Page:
The Court is not the only institution advocating for non-discrimination. Indeed, tolerance, the moral ground of non-discrimination and inclusion, has become one of the main European values. It is promoted widely, not only in the EU, but also in the countries included in the EU’s neighborhood policy. For example, countries like Ukraine, Armenia or Georgia, have suspended their homophobic agenda from politics in an attempt to “fit into” the European systems of value in order to gain more economic and political benefits.
Putin, on the other hand, has been publicly advocating for the exclusion of LGBT information from the public as part of his attempt to create a framework of values and laws defying those promoted in Europe. Putin attempts to do so by building such a framework on traditions. This opposition can be described with the concept of competing organizational fields. The concept supposes that different institutions cooperate with each other when they have common interests. The group of institutions with the same values and aims constitute an organizational field. Russia strives to be separate from the European organizational field by creating a completely different one, namely the Eurasian organizational field. By contributing to the European organizational field, the ECtHR indirectly influences the judicial and legislative processes in Russia.
In this attempt of analysis with an op-ed nature, I showcased that the ECtHR has both positive and negative impacts on the legislature concerning the LGBT community in Russia. On the one hand, Russian laws are drawn with regard to principles defended by the Convention. On the other hand, a new Russian rhetoric opposes those principles in a rather manifesting fashion. Of course, factors of higher magnitude are at play here. Politics, for example, influence Putin’s ambition to create an alternative legal framework more than the Council of Europe or ECtHR. Yet, it seems important to highlight the conflict of values promoted by the Russian authorities. The ECtHR is almost the only international institution able to perform any kind of influence on Russian legislature. The lack of other such available instruments makes the efforts to improve the situation of LGBT rights in Russia almost unproductive and even, one may argue, hopeless. Yet, there is room for hope: with an improved political climate and better cooperation, the ECtHR can improve its legitimacy and thus influence Russian legislators.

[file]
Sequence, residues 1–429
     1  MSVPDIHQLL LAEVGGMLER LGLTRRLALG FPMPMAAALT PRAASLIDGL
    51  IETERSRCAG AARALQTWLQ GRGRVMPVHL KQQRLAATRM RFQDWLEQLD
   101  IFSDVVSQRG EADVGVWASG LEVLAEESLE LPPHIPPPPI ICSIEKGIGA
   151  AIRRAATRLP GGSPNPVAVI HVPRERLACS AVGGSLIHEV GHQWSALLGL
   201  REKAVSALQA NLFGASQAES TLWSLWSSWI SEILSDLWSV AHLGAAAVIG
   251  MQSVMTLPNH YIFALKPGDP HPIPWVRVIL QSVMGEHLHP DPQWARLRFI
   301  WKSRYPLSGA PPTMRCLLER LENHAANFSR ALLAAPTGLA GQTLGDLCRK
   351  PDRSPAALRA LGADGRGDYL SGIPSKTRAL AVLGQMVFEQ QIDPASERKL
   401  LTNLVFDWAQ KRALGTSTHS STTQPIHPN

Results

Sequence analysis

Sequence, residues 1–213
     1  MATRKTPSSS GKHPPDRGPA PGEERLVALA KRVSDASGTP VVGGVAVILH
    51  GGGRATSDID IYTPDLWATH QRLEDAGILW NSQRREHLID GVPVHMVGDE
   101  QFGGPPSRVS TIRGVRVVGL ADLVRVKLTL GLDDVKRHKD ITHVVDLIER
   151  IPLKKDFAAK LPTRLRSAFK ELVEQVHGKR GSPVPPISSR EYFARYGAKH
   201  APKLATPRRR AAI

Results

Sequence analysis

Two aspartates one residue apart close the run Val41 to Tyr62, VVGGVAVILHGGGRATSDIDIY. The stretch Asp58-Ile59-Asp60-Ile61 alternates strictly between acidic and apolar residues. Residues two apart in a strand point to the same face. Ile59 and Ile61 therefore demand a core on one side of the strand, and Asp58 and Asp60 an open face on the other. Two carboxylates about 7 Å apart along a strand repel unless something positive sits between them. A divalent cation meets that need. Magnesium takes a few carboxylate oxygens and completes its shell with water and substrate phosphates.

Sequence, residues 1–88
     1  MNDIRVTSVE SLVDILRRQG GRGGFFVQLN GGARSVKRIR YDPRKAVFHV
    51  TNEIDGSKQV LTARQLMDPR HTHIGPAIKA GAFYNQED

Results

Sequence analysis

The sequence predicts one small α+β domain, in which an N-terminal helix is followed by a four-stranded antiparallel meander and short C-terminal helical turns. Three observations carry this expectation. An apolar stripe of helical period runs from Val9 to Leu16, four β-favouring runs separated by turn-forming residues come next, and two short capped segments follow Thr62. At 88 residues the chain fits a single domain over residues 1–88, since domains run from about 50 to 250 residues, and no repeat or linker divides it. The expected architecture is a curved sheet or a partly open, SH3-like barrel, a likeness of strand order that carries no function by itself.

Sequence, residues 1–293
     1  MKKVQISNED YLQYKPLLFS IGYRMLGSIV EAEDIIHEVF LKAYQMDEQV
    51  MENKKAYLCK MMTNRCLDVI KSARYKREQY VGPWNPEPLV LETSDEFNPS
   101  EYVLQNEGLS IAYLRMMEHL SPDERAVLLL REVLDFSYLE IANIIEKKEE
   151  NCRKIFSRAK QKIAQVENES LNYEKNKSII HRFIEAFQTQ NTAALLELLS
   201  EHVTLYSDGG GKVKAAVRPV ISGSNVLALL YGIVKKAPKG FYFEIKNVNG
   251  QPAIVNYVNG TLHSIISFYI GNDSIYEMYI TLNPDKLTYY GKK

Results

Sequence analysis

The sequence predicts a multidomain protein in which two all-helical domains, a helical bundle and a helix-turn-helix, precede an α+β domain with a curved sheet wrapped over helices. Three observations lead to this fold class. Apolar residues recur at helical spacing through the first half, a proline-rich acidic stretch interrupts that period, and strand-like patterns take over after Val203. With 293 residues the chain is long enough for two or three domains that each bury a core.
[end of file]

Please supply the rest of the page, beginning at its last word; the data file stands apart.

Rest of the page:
Barber, Lionel, Henry Foy, and Alex Barker. “Vladimir Putin Says Liberalism Has ‘Become Obsolete.’” Financial Times, June 28, 2019. https://www.ft.com/content/670039ec-98f3-11e9-9573-ee5cbb98ed36.
Engelstein, Laura. “Soviet Policy Toward Male Homosexuality:: Its Origins and Historical Roots.” Journal of Homosexuality 29, no. 2–3 (November 27, 1995): 155–78. https://doi.org/10.1300/J082v29n02_06.